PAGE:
A New York school district is piloting the latest generation of “smart card” technology to document a number of student and staff member activities, including internet access, taking attendance, permitting entry into the school, buying lunch in the cafeteria, and signing out books.

The technology “incorporates many things into one tool,” said Roberta A. Gerold, superintendent of Miller Place School District. “We can collapse so many tasks into one system.”

District officials hope the smart-card system, developed by the ScholarChip Co., will help them keep track of where students are and what they are doing, easing the workload of staff members so they can focus on teaching.

In May, the district issued a ScholarChip card—a credit card-like device with an embedded computer chip—to every person, including teachers, custodians, administrative staff, cafeteria helpers, bus drivers, the superintendent, and nearly 3,000 students. Each ScholarChip card shows the owner’s photo, name, school, district, an identification number, a bar code, and a gold-colored computer chip.

“We are going to use them initially to allow access to the internet,” Gerold said.

The district also installed a smart-card reader at each computer. Now, when students or staff members use a computer, they must insert their card into the reader and type in their personal identification number (PIN).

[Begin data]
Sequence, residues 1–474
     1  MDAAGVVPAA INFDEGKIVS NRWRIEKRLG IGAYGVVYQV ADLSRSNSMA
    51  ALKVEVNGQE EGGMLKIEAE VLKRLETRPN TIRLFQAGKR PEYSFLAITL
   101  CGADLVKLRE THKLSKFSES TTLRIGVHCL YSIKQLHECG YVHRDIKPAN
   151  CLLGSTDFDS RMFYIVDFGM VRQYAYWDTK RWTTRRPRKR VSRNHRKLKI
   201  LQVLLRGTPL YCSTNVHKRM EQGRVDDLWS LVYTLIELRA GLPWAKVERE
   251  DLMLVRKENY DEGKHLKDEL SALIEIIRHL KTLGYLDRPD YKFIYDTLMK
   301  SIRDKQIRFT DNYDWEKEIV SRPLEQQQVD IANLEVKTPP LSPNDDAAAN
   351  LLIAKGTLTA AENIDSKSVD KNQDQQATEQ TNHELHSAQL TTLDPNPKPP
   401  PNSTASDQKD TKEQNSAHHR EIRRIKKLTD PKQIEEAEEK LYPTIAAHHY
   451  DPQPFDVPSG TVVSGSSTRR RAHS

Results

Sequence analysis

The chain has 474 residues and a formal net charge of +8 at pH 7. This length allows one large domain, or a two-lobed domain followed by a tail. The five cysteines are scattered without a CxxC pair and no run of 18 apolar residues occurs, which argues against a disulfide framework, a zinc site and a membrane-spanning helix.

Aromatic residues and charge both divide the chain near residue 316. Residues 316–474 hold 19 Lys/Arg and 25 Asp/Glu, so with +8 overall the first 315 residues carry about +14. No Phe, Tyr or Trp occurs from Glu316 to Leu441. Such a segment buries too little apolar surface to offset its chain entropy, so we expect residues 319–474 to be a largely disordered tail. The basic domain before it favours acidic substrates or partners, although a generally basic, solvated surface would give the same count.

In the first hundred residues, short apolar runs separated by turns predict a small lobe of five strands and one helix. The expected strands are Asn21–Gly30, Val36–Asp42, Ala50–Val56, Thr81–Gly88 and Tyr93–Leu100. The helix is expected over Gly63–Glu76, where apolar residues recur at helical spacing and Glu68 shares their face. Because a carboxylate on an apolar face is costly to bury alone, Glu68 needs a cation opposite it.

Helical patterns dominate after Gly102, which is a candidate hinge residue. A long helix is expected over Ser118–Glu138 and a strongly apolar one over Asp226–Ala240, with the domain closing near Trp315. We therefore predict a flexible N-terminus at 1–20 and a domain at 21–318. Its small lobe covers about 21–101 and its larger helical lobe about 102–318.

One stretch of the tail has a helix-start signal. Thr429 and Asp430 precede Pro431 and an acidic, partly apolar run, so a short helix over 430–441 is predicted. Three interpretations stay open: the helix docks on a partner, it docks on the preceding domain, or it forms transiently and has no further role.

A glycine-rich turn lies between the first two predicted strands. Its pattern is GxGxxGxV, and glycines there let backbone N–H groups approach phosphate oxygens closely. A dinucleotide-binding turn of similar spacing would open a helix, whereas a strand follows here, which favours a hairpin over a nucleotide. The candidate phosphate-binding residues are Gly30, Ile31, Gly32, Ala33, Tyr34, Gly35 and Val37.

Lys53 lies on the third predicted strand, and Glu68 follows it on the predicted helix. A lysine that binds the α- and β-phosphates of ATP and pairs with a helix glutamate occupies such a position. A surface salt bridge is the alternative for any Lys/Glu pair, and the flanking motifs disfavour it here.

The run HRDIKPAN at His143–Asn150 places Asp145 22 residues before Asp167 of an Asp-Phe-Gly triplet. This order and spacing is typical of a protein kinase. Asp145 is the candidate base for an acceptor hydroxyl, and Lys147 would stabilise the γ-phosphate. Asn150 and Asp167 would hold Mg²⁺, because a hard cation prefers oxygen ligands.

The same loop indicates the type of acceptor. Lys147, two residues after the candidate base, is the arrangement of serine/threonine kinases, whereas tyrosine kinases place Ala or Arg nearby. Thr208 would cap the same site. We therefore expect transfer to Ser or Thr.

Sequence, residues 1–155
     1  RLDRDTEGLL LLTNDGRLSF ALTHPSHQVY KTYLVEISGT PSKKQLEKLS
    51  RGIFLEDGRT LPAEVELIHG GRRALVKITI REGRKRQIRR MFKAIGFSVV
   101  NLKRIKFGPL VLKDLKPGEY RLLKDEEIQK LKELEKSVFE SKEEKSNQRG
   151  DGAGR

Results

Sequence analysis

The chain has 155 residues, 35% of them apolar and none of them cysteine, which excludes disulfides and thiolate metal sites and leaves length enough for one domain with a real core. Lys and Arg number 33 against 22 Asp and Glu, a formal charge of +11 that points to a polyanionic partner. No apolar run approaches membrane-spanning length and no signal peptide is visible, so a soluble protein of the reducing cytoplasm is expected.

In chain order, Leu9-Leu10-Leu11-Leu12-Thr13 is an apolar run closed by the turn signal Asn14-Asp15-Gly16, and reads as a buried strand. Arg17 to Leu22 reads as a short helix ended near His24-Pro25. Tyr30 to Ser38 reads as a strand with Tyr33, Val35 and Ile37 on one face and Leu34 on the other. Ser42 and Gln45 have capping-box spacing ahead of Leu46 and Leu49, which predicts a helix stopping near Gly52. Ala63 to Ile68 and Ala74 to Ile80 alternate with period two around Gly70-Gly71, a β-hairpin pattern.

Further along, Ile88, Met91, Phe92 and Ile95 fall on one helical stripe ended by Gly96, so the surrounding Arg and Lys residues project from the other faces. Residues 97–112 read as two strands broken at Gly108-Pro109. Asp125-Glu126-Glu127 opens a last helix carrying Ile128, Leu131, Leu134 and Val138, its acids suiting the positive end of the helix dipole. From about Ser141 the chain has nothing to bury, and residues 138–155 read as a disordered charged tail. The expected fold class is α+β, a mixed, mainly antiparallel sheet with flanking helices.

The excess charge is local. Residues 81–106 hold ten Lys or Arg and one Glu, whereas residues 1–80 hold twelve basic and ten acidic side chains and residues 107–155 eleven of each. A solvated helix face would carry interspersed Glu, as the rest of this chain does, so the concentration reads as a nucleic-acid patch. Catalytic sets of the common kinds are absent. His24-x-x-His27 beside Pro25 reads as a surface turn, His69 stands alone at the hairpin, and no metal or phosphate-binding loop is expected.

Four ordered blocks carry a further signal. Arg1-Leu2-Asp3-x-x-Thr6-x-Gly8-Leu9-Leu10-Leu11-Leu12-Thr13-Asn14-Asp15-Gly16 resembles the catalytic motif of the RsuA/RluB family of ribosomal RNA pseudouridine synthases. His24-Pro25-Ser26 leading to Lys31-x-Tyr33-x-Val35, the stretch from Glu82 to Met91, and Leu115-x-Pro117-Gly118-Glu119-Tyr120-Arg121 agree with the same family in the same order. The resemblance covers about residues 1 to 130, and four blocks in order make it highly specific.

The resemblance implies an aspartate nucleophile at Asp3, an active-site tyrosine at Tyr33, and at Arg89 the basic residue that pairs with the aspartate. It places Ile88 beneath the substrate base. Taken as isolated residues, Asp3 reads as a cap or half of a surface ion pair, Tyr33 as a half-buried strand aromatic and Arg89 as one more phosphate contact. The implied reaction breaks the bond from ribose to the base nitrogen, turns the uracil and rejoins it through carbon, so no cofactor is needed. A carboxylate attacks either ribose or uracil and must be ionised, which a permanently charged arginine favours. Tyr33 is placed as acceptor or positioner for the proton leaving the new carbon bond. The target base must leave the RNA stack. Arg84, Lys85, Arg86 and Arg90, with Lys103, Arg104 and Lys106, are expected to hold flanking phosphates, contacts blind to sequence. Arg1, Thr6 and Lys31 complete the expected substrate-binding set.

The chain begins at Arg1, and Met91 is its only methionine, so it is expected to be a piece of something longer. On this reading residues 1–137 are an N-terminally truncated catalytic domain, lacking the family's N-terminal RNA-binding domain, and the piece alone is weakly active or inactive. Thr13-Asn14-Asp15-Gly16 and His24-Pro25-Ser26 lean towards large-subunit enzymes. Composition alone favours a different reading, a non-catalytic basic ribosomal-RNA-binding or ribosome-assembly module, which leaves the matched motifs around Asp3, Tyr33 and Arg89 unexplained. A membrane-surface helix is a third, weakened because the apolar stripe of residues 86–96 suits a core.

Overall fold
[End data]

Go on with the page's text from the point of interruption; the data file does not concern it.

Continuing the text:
“It’s kind of like an ATM card—you input the card, and then you input your PIN,” Gerold said. With the ScholarChip card, the district will know who is using a computer and when.

On the internet, a user can only access sites that have been permitted by the school and “set” on each person’s account. ScholarChip has eight different categories consisting of millions of blocked IP addresses that are updated every day, and schools can choose which categories to block. ScholarChip has contracted with another company to review the sites personally. Teachers can control their students’ access to certain web sites or the internet simply by modifying the settings in the students’ accounts.

Gerold was so impressed with the internet filtering feature of ScholarChip’s smart card that she said the district would have gotten involved with the pilot if the card only controlled internet access.

“The smart card also disguises a student’s identity on the internet,” she added.

She explained that the card creates a “mock identity” for each student, so web sites can’t track a student’s identity. “It was wonderful for us that no one could attach themselves or a cookie to a student,” Gerold said. Students “come back as clean as they went out.” As students go out on the internet, they are given a one-time identity, which on the internet appears as a long string of digits, said Maged Atiya, chief technical officer for the ScholarChip Co.

“We essentially prevent tracking by predators, or marketers, or what have you,” Atiya said. “And the school, of course, gets detailed reports of how much time was spent and what was accessed.”